As mentioned, it was around 1992 and the enactment of the North America Free Trade Act (NAFTA), that the BC wine industry was reinvented. Old vines, French hybrids (Baco Noir, Maréchal Foch, Seyval Blanc, etc.) and the like, were ripped out and vineyards were replanted with vinifera vines (Merlot, Pinot Noir, Chardonnay, etc.).
John explained why the Okanagan is such a good wine growing region. While it is far north, big lakes run through the valley and provide a moderating influence acting as a heat trap. The days are long during the growing season, which provides heat units similar to those in California. However, daytime and nighttime temperatures vary greatly, and this helps maintain good structure in the grapes. To see evidence of this, try tasting one of the many excellent BC Sauvignon Blanc wines against a California one such as Robert Mondovi. While the BC wine will be bright, crisp and refreshing, the California wine will be rather flat and lifeless by comparison.
In addition, there is a fault running down the middle of the valley, and the two geographical halves are quite different. On the eastern side of Black Sage Road, the soil is primarily sand, down to a depth of 200 feet, whereas on the western side of the valley, known as the Golden Mile, the soil is gravel, clay and volcanic. Just to the north, in Okanagan Falls, the soil types vary greatly. This is why it is so important to select just the right variety of grape to grow on any given site.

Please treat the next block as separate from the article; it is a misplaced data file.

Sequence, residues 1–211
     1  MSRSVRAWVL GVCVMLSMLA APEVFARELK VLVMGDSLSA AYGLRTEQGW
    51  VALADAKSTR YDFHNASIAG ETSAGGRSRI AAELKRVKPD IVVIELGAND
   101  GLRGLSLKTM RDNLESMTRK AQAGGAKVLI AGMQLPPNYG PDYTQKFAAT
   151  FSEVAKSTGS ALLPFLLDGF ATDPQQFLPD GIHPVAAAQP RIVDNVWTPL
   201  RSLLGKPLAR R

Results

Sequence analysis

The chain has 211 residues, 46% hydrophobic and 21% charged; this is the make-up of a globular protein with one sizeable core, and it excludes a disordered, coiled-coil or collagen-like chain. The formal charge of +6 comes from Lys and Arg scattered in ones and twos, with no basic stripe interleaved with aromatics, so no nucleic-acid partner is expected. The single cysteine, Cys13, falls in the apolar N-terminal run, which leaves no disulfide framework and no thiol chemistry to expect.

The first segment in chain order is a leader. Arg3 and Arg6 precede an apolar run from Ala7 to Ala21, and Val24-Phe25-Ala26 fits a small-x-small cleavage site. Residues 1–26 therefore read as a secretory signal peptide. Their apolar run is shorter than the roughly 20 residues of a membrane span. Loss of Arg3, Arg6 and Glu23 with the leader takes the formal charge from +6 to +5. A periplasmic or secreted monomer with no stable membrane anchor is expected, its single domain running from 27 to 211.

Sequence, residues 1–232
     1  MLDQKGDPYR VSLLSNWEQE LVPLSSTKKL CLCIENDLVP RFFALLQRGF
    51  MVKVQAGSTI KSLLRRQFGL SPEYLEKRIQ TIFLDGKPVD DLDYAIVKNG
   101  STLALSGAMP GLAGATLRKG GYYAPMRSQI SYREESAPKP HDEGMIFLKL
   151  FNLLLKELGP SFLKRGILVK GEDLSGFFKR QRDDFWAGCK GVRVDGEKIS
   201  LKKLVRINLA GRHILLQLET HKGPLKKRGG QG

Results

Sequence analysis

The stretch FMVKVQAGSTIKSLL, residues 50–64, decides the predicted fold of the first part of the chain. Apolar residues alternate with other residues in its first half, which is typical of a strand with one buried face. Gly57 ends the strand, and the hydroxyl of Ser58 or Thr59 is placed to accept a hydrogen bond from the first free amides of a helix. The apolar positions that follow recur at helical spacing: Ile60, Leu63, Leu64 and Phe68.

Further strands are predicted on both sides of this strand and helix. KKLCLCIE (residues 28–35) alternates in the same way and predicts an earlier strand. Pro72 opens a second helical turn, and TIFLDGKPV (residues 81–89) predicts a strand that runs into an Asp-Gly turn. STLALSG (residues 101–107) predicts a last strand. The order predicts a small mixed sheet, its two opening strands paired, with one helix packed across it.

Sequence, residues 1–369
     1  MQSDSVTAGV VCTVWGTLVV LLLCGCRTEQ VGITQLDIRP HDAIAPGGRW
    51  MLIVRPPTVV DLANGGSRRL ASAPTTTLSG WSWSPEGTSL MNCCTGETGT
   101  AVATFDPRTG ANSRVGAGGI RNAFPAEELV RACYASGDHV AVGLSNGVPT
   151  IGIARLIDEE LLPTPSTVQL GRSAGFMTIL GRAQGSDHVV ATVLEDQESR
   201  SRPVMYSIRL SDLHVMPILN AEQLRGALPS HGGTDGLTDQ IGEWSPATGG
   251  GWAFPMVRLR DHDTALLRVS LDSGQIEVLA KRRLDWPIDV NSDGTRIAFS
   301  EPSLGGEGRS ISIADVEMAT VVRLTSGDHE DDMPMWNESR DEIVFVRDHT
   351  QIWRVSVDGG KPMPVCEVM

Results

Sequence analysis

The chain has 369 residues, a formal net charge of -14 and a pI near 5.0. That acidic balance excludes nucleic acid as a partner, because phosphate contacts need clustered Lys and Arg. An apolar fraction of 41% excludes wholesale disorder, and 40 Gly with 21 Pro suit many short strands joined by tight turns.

We are fortunate in BC as there is a pool of talent – vineyard mangers and wine makers who have been trained and have apprenticed around the world.
John then went on to talk about the trend towards top quality, small lot releases (under 1000 cases) and their corresponding prices – $40 to over $100. Just a few years ago, people wouldn’t have believed that could happen in BC. Some examples include Hester Creek’s The Judge $45, Seven Stones The Legend $45, Osoyoos Larose Grand Vin $45, Black Hills Note Bene $53, Le Vieux Pin Equinoxe Syrah $80, Mission Hills Occulus $80, Blackwood Lane’s Reference $99 and One Faith $165 to name a few.
John told stories about Tin Horn Creek and how the quality of their wines improved dramatically years ago in the mid 1990’s when they changed vineyard managers and, correspondingly, viticultural practices. He also spoke about Hester Creek and their phoenix like transformation in 2004 when an investment group injected a lot of capital (25 million) to the financially precarious facility and built an impressive brand new winery. On the other end of the spectrum, he told about the unique, old world traditional qualities of Divino and St Lazlo wineries. The hour and a half that we were there flew by in the blink of an eye.
John Schreiner is a great storyteller and never fails to attract an audience when he speaks. His many books, fifteen to date, profile the people behind the wineries, their many and varied backgrounds as well as their dreams and passions for the future of BC wine. Follow him at http://johnschreiner.blogspot.ca/ and be sure to order one of his books before heading out on your own tour of one of BC’s many wine regions.
Feature pic: courtesy of HelloBC.com